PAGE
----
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Authors' Day

If you’ve known the pains of writing a story you will understand that writing a whole book is no easy task. Authors’ Day commemorates all the wonders that have been spun into the world by the pen of these creative souls, but especially those works of the Author.

It was 1928, and the Illinois Women’s Club was meeting yet again to enjoy the writings of some of their favourite authors. Nellie Verne Burt McPherson decided to bring up the idea of having a day dedicated to American Authors and brought it up amongst her fellow club members. Nellie had spent her life as a teacher and an avid lover of literature, and one day had written a letter to Irving’s Bacheller while she was recovering in a hospital in WWI. She had thoroughly enjoyed Irving’s story “Eben Holden’s Last Day A’ Fishin”, and was overjoyed to receive an autographed copy of another story he had written.

So, touched by this show of appreciation by her favourite author that she determined that the only way she could properly show her appreciation was by setting aside a day to honour all American Authors, and to do so she submitted her suggestion to the General Federation of Women’s Club. Her idea did not go unheeded, and 20 years later, in 1949, the United States Department of Commerce made it an official holiday, Authors’ Day, and it’s been celebrated every year ever since, it is now not just a America event but worldwide.

There are two ways to start your Authors’ Day celebration, either by picking up a favourite author or finding one you haven’t read yet and finally cracking it open.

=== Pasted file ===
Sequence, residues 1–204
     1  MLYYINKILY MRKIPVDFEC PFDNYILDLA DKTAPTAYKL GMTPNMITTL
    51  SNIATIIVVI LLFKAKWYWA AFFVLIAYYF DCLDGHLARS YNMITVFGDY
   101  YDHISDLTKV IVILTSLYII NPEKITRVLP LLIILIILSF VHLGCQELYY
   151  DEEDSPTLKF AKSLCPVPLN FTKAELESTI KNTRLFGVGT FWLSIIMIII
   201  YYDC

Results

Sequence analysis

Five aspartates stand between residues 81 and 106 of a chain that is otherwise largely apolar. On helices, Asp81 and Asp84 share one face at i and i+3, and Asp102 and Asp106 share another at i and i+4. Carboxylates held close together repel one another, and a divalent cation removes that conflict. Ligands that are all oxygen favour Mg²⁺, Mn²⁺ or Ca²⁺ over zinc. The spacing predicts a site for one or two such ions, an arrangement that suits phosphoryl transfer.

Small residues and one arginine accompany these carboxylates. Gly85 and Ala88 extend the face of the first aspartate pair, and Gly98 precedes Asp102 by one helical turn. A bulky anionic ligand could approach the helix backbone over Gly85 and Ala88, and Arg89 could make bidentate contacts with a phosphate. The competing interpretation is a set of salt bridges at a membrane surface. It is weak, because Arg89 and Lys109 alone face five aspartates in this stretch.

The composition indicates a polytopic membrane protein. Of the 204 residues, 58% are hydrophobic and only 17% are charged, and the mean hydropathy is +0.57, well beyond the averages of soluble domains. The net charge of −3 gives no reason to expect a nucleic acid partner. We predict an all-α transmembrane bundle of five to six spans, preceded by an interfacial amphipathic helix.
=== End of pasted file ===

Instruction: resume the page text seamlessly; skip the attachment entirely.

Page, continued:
I shall be re- reading the Tales of Brer Rabbit this year. It is a favourite from my childhood. The Brer Rabbit stories were based largely on African folk tales, and the ones that we commonly known as the Uncle Remus stories were written by Atlanta reporter Joel Chandler Harris in the 1880s. Harris had originally been told the stories by the former slaves he knew as a child.

While Harris performed a great service to African-American culture by popularizing these stories, today he is largely dismissed as a racist because he wrote in a strong dialect, one that even then was surely beginning to fade away. However, as written by then Harris, the Brer Rabbit tales were largely an attempt to preserve an important part of American cultural history before it disappeared.

I will be reading a more modern version without the racist language. The copy of “The Classic Tales of Brer Rabbit from stories collected by Joel Chandler Harris and illustrated by Don Daily” was brought to my attention by one of our New Haw learners who had chosen it as his leaving present from Year 6. We both love the illustrations!

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